Coping After Rehab

Building a Foundation for Recovery

Making it through rehab is an achievement. It means that the individual has managed to maintain a period of sobriety, and will have picked up some tools that will help them build a good life in recovery. A stay in rehab is analogous to providing a strong foundation for a building. Once this foundation is in place it is then up to people to build upon it. The move from a supported environment back to normal living can be a tough transition. It is a lot easier to deal with if people are prepared for it and have some type of support system in place.

The Dangers of Relapse after Rehab

The risk of relapse never completely goes away, but the time that it is most likely to happen is during the first few weeks and months after rehab. If people leave this program and then relapse it will be a setback. It can be difficult for people to stop again; some will never get another chance at recovery. Making it through a treatment program takes a lot of effort, but it puts the individual in a great position to build a satisfying life away from addiction. Not making the most of this opportunity is a real shame; especially as what the individual will be going back to will be a miserable existence. Those who do relapse almost always admit that they regret it. It is therefore important to do everything possible to avoid this happening.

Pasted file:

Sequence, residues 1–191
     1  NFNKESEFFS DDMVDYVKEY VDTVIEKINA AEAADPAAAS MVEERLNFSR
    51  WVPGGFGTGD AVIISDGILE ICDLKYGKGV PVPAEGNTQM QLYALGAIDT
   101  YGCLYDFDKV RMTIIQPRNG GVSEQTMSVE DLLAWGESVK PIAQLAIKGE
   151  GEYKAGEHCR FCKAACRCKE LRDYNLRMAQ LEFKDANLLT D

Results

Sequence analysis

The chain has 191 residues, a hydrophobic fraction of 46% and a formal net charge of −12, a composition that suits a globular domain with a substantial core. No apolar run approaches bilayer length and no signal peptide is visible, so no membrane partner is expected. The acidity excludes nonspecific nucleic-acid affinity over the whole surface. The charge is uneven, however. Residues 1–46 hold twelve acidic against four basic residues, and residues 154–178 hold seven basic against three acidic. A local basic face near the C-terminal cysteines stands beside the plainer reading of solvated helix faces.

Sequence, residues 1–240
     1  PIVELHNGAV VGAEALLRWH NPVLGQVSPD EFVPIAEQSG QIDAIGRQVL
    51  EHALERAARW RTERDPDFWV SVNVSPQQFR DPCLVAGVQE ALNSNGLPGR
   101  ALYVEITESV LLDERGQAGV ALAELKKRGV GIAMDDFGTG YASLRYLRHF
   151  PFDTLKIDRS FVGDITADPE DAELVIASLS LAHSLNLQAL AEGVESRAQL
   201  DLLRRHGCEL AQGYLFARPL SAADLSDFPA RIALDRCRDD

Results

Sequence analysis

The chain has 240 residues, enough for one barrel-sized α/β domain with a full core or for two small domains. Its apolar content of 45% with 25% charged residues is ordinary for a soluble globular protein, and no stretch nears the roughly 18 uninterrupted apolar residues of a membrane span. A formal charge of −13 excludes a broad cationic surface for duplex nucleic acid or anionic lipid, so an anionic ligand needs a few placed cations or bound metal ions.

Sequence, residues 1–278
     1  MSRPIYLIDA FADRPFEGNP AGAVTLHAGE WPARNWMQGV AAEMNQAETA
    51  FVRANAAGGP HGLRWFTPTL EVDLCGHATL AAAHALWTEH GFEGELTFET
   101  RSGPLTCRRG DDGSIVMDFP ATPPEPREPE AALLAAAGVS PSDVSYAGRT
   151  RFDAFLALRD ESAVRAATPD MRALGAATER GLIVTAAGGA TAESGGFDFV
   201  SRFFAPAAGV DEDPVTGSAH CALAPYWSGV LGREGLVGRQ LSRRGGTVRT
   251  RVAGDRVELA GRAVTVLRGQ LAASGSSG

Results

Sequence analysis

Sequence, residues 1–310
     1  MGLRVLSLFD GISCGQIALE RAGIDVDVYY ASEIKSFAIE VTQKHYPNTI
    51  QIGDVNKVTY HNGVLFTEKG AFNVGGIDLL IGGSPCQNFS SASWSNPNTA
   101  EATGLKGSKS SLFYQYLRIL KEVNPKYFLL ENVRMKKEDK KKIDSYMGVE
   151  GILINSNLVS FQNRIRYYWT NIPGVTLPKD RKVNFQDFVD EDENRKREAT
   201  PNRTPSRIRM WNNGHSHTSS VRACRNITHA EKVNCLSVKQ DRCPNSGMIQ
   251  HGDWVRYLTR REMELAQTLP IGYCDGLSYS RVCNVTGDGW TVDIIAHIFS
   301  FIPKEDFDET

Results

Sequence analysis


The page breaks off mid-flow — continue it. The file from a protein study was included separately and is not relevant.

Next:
The Challenges of Moving from Rehab to Normal Living

The usual challenges that people will face when they return to normal living include:

* In rehab there is a lot of support as the whole environment is aimed towards helping the individual beat their addiction. As well as the professionals who work in the rehab there will also be other clients to offer support. Leaving rehab means losing much of this support and if people are not prepared for this it may come as a shock.
* Those in rehab will be protected from a lot of temptation. This makes it easier for them to make it through the first few delicate weeks of sobriety. Once they are back in the real world they will be once again faced with temptations.
* Returning home usually means having to face family and friends. Things can be particular difficult if some of these people do not support the decision to quit. They may try to tempt the newly sober person back to their old habits. There may also be family and friends who are not ready to forgive previous bad behavior. It can take a long time in recovery before trust can be rebuilt.